My studio in Venice faces out to a neighborhood involved in an evolution of rapid visual change. Accompanying this change is a new sense of contemporary commercial fashion and style supported on the street by the constant new flow of very styled ‘Hipsters’. From my studio second floor balcony, the ‘Hipster’ person is new, different, and fun to watch. Although, to some of the original residents this new visual is met with some discomfort. Mostly, because it didn’t fit their idea about life ‘style’.
This new discomfort reminded me of a thinking about making art that most of my friends agreed upon when were all just starting as artist in New York in the early 1980’s. It was the sense that discomfort enables us to see forward and therefore discomfort was necessary in our art in order to create the new art of the future.
Most likely, we were uncomfortable, ourselves, with the art (conceptualism and minimalism) that came immediately before us and we mischievously set out to tease the end of its reign. Many were using racial, inequality and sexual themes, and even the retired art of portraiture as a vehicle for the discomfort. Since my body of work came out during a severe illness, I was very fortunate that my theme was based on historic humor.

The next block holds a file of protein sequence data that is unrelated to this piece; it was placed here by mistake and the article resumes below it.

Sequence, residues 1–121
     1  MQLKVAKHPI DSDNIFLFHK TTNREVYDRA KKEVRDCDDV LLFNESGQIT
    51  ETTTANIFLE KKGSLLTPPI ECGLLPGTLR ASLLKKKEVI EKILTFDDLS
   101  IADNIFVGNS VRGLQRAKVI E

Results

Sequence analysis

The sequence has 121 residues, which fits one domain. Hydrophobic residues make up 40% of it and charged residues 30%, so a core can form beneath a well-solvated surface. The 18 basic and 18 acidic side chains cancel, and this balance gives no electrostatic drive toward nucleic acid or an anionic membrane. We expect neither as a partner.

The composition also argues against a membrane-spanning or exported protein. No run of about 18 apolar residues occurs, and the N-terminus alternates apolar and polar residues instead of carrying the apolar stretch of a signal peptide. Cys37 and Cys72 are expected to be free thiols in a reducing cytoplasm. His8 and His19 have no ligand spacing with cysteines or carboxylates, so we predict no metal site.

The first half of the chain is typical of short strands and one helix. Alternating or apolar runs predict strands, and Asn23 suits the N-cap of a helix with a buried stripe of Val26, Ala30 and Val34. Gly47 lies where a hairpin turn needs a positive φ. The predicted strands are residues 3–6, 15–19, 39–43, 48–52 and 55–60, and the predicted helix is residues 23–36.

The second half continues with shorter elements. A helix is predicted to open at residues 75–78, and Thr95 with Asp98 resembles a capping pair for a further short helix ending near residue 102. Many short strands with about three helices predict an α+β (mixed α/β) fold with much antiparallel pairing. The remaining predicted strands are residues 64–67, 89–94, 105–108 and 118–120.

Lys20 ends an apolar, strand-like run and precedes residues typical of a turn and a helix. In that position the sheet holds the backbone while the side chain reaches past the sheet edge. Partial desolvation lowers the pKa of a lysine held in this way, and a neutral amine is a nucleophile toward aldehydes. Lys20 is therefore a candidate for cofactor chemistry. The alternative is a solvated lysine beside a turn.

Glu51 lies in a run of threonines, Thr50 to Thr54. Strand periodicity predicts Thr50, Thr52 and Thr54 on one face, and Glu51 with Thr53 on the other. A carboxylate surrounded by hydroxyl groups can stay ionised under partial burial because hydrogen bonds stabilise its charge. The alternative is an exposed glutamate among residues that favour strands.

It was absolutely Sparky’s drawing line constructions that first excited me and influenced the last 26 years of my work. But, it was also the sense that doing an entire body of work visually based on only one very successful cartoon’s imagery was brand-new work. And, that it would be uncomfortable with most art professionals because it didn’t necessarily fit their idea about museum painting. It may have been the undertow of my work.
The 30 ‘Tahitian Hipster’ paintings were produced in Tahiti on my dream-like open-air studio deck that sits 6 feet above a shallow lagoon 100 yards off shore. So the work had to be visually about the Tahitian Hipster.
The most obvious common denominator in Hipster style seems to be contemporary headwear. Of course there are many contemporary Tahitians, but Tahitian headwear is predominately deeply rooted in centuries of tradition and history. The materials and designs of this headwear are amongst the most beautiful works of art.
The only discomfort in the Tahitian studio is losing the paint (mixed with lagoon water) from the painting tool to the strong tradewinds as it makes its way to the surface of the paper. But, in looking forward, I discovered restaurant style squeeze bottles that apply the paint directly to the surface. This explains the almost island reptile-like surface on all the works produced on this heavyweight paper.
I could explain more, but its time to return to my comfortable studio balcony. There may be a hipster going by.